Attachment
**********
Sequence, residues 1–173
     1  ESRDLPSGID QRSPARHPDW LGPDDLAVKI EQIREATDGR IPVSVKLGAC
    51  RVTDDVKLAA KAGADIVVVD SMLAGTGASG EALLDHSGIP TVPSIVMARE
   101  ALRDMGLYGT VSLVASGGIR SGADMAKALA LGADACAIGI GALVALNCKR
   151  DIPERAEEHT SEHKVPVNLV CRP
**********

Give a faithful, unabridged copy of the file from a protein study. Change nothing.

Sequence, residues 1–173
     1  ESRDLPSGID QRSPARHPDW LGPDDLAVKI EQIREATDGR IPVSVKLGAC
    51  RVTDDVKLAA KAGADIVVVD SMLAGTGASG EALLDHSGIP TVPSIVMARE
   101  ALRDMGLYGT VSLVASGGIR SGADMAKALA LGADACAIGI GALVALNCKR
   151  DIPERAEEHT SEHKVPVNLV CRP